I’ve been bad at keeping up with my writing prompts recently. As of now, I’m currently 3 weeks behind on prompts. I’m mostly just writing this post to say that I’ll be skipping the week 29 prompt. It states that the story needs to start with the opening line “F*** you!” which isn’t something I want to start any of my stories with, to be honest. As such, the next story that will be posted will be the week 30 prompt, and then week 31 to hopefully catch up again. Thanks for being patient and for reading my little short stories. They are a fun exercise, even if some of the prompts are more difficult to fill than others.
“It’s not safe out there,” he said, pulling the curtain closed against the oppressive darkness. A high-pitched wail emphasized his point.
Three figures huddled closer together. One was crying, another consoling him, and the third held the fire poker they’d commandeered as a makeshift weapon.
“And what about Emily?” The second asked. “You can’t expect us to stay here until morning and hope there might be something left of her to find and bury.”
“If I let you out, you’re as good as dead!”
“Well at least I’ll have had the guts to try,” the third one spat. “Step aside!” They strode towards the door, shoving the man aside when he tried to block them. “I’m not abandoning Emily.”
The air outside was filled with high-pitched screaming. Large bat-like creatures flew across the canopy in a blur and the sky was glowing from a large fire not too far off. They forged forward regardless, working their way down the path they knew their friend would have taken before night fell.
Twice, they were assaulted, but they managed to fend off the beasts with their makeshift weapon. Once they nearly turned their ankle as their foot slid down toward the bottom of a gully they had misjudged the location of. There was no sign of Emily.
“Can’t give up,” they muttered, more as an encouragement than out of conviction now.
They eventually came to a thick grove of trees, just outside town, that had dozens of the creatures swooping and screaming at it. None could get past the densely packed branches, though. One spotted them and made to dive at them when it was pierced by an arrow with red fletching. Her arrow.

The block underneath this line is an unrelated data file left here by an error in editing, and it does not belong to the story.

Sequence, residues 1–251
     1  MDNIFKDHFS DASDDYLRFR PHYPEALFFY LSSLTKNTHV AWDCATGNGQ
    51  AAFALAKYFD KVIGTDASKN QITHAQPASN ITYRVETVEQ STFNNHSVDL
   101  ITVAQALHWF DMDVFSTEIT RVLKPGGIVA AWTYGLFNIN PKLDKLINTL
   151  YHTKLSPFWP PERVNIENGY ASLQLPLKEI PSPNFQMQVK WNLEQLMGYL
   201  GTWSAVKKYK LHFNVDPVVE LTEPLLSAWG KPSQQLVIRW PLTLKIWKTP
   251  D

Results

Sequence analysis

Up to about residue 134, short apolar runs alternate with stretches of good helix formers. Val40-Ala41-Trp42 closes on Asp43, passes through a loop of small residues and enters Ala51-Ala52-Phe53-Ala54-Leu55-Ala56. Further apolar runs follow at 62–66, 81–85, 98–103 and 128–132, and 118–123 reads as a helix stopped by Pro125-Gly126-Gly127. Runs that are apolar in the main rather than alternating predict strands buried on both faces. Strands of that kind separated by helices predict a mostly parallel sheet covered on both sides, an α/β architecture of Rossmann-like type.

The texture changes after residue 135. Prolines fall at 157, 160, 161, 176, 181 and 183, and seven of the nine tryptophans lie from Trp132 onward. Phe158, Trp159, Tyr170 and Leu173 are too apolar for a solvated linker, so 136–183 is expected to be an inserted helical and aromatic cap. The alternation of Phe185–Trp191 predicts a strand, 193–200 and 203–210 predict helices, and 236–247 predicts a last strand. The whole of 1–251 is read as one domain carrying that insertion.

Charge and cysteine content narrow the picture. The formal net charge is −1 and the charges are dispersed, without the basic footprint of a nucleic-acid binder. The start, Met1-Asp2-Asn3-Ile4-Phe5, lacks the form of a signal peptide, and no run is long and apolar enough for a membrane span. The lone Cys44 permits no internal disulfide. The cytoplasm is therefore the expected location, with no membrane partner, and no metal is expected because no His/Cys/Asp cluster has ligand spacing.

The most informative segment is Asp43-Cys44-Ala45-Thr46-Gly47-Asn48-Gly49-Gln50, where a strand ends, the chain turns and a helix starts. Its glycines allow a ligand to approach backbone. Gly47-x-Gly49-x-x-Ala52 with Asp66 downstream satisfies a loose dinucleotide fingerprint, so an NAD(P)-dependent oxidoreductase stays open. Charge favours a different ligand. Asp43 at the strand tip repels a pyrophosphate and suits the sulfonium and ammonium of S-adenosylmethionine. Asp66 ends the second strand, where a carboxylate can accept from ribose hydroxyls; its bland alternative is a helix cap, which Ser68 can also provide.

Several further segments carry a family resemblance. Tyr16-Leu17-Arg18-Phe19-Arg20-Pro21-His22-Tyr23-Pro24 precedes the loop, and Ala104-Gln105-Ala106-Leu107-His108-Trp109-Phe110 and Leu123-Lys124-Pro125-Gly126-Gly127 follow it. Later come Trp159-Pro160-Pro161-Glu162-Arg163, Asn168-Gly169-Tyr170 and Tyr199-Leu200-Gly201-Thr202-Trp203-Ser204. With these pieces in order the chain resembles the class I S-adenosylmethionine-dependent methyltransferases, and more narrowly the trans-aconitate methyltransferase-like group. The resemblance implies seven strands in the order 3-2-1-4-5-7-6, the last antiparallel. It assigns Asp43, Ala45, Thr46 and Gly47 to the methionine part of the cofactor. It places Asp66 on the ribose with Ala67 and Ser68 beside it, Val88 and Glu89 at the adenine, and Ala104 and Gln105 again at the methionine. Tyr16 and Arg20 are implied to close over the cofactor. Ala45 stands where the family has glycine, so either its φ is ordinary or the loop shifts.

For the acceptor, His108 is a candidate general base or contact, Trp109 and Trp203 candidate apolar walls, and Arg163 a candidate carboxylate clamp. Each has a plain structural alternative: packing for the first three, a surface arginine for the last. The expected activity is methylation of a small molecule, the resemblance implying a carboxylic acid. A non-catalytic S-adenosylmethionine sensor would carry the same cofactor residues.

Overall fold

They wasted little time worming between the trunks that ringed the grove. Stray branches pulled at their clothes and scratched their face until finally there was a gap in the trees.
“Lue! Thank God you’re alright!” A tall figure enveloped them in an embrace, their vision momentarily blocked by the fabric of her robes.
“I could say the same to you, Emily. I thought I was going to find you dead.”
“Not a chance. They can’t get in here, so I’m just waiting for dawn. Or company, I guess. Are you my brave hero?” Her eyes took on that flirty glint that usually sent Lue’s heart crazy, but the effect was dampened by a horrendous screeching from a creature caught in the branches of a tree.
“Huh, holly. Should have thought about that before.”
“I told Eirik they would be weak to that, but would he listen? No. And now we have to hole up in that silly shack every night.”
“I mean, would you rather be there or here, though?”
“At least here there’s fresh air. And I can watch the sunrise.”
Suddenly, the air was filled with piercing shrieks from every direction. Both of them flinched initially, but Emily recovered quickly once she jammed pieces of cloth in her ears. She gestured for Lue to do the same and beckoned them to follow her up a tree. They looked at her like she had gone completely crazy, but followed her all the same.
Rather than being beset upon by the creatures, they were treated to the sight of them all fleeing in the same direction away from the rising sun. It was the most beautiful sunrise they’d ever seen.
“We should head back,” Lue finally stated. “The others are worried.”